- Local Guide
Wapakoneta city administrators recently started the process to receive state and federal funds in wake of the June 29 storm which caused millions in damage to the area.
Wapakoneta Safety-Service Director Bill Rains informed Wapakoneta City Council members Wednesday he attended meetings with local Emergency Management Agency (EMA) and members of FEMA where he initiated the paperwork to secure grant money for the city.
Rains said the city spent between $60,000 and $70,000 in clean-up in time and materials. Workers with the Public Works Department and the Wapakoneta Electric Department completed the majority of the work. Only four days — June 29 and 30 and July 1 and 2 — qualify.
“The city itself did not sustain a lot of damage,” Rains told the Wapakoneta Daily News after Wednesday’s council meeting. “We had some damage to the fire department roof and to the Engineering Department building and we lost five power poles. As far as physical damage, we did OK.
“We took a big hit because of the tremendous amount of debris we had to move in the 30 days following the event and that does not include all the help we received from residents hauling debris to the compost facility in pickup trucks, cars and trailers,” the safety-service director said. “Without their help, it would have taken more than 45 days.”
He said the city grinded an additional 1,500 cubic yards of yard waste and debris. He noted they typically spend $13,000 to operate the facility and they have spent $22,000 this summer, so they are seeking reimbursement on $9,000. The grant provides a reimbursement at a rate 75 percent for the work done at the composting facility.
Rains explained they also receive reimbursement for overtime hours to handle the emergency, but the safety-service director said while this covers the Electric Department he shifted tasks to be completed by the Public Works Department for debris collection.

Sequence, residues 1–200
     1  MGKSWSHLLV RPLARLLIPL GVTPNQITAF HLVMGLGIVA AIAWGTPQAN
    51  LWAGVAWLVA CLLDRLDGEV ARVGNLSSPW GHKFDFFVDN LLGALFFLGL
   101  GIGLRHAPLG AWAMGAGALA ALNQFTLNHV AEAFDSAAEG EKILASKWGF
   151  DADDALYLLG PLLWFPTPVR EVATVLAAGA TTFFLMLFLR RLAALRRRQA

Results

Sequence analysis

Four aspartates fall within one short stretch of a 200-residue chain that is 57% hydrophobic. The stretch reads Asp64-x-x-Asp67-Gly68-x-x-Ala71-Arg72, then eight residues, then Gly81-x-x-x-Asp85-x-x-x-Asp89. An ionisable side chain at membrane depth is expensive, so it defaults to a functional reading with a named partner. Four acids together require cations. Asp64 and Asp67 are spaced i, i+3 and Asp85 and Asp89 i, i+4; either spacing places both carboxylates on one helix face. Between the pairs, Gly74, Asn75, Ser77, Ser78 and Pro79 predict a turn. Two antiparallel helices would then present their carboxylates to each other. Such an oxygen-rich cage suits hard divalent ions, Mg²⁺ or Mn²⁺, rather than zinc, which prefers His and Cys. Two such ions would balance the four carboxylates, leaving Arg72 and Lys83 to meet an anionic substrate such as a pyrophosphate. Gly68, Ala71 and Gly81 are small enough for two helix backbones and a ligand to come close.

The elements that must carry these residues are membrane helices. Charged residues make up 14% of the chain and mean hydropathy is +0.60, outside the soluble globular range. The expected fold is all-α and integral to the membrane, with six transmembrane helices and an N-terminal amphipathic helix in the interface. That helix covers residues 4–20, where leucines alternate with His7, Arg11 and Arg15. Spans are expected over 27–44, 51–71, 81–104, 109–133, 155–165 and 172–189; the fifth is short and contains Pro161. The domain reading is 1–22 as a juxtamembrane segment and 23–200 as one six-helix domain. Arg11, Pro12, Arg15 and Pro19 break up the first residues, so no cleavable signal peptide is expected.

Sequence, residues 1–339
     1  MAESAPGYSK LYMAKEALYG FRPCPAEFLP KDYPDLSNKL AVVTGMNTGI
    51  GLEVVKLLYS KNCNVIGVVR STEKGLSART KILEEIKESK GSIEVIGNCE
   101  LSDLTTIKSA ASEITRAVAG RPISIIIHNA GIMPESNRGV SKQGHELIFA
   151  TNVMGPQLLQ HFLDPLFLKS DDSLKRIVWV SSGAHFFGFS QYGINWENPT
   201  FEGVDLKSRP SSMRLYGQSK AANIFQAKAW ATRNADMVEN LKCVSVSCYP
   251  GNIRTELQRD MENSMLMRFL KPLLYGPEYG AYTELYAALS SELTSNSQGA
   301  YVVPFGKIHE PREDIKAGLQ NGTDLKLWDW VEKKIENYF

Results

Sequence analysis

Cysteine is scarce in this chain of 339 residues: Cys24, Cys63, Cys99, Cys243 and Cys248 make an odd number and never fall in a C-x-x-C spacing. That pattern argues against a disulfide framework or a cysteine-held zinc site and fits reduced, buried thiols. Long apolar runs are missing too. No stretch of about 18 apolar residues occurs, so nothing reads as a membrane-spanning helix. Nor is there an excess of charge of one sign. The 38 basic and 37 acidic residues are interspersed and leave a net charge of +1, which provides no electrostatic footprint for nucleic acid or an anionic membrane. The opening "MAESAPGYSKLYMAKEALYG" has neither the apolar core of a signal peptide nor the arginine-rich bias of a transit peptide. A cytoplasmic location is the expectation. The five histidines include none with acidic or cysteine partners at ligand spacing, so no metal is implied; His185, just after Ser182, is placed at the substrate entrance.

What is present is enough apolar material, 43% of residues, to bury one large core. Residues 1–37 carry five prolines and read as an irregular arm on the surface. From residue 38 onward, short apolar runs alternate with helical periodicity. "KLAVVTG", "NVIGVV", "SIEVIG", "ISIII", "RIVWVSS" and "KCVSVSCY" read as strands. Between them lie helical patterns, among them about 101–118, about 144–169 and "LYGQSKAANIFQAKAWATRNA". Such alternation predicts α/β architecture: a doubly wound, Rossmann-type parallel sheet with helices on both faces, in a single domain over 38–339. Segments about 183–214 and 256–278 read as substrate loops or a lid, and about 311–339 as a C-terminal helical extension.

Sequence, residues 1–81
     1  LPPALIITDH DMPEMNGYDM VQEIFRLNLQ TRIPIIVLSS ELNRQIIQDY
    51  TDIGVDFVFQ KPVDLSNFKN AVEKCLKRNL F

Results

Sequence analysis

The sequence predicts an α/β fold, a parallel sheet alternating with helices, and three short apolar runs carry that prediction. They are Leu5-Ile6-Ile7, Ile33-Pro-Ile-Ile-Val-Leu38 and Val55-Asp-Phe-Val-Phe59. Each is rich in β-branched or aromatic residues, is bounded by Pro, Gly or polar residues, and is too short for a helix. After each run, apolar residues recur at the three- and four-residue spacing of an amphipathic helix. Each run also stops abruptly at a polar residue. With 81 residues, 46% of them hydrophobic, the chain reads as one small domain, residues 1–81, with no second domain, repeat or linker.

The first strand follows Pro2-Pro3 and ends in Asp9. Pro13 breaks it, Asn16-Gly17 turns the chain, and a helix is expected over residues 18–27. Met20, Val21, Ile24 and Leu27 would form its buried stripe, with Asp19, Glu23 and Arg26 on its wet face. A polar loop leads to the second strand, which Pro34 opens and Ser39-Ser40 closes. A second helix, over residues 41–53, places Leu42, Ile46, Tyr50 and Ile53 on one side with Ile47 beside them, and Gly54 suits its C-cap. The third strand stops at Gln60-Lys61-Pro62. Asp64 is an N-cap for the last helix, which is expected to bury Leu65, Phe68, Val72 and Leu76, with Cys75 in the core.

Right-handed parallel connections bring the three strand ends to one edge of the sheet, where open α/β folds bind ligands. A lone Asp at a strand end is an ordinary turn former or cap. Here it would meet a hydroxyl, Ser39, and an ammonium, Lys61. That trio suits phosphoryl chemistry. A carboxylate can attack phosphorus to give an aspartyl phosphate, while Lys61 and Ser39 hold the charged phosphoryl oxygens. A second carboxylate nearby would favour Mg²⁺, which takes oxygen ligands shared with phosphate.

“The grant only pays for overtime hours so we lost 30 days of what we normally do during the summer to handle this event,” Rains said. “We saw no sidewalk work done and only one curb installed because the truck was already contracted for to pour the concrete. We also had to maintain refuse and recycling pick-up so the crews were very busy.”
Auglaize County EMA Director Troy Anderson said he recorded 40 minor incidents, 80 affected incidents associated with the storm. On the government side, Anderson said the county met its threshold — which was $155,000 per capita for uninsured losses. The county’s figured totaled more than $350,000 per capita.
“We submitted a proposal with all the equipment, man hours, debris removal, the cost to mulch or chip up the debris and the public utilities for repairs,” Anderson told the newspaper in early August. “It’s still not 100 percent, it’s just preliminary. Right now they are going to Logan County to check — to my knowledge Mercer County did not have enough to meet its threshold.”
Auglaize County, along with St. Marys, Wapakoneta, New Bremen, Waynesfield, Duchouquet Township and Salem Township, are included in the government assistance report. Midwest Electric and DP&L also were included based upon utility damage.